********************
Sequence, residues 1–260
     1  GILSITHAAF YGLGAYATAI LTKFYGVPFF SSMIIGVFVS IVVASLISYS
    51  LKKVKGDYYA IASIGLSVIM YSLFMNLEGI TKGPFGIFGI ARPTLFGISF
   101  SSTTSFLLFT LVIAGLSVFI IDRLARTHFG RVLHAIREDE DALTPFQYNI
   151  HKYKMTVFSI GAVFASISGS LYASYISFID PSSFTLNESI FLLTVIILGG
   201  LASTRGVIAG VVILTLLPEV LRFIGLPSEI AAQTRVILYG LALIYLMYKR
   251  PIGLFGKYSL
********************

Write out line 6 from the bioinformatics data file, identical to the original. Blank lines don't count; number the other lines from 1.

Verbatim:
   201  LASTRGVIAG VVILTLLPEV LRFIGLPSEI AAQTRVILYG LALIYLMYKR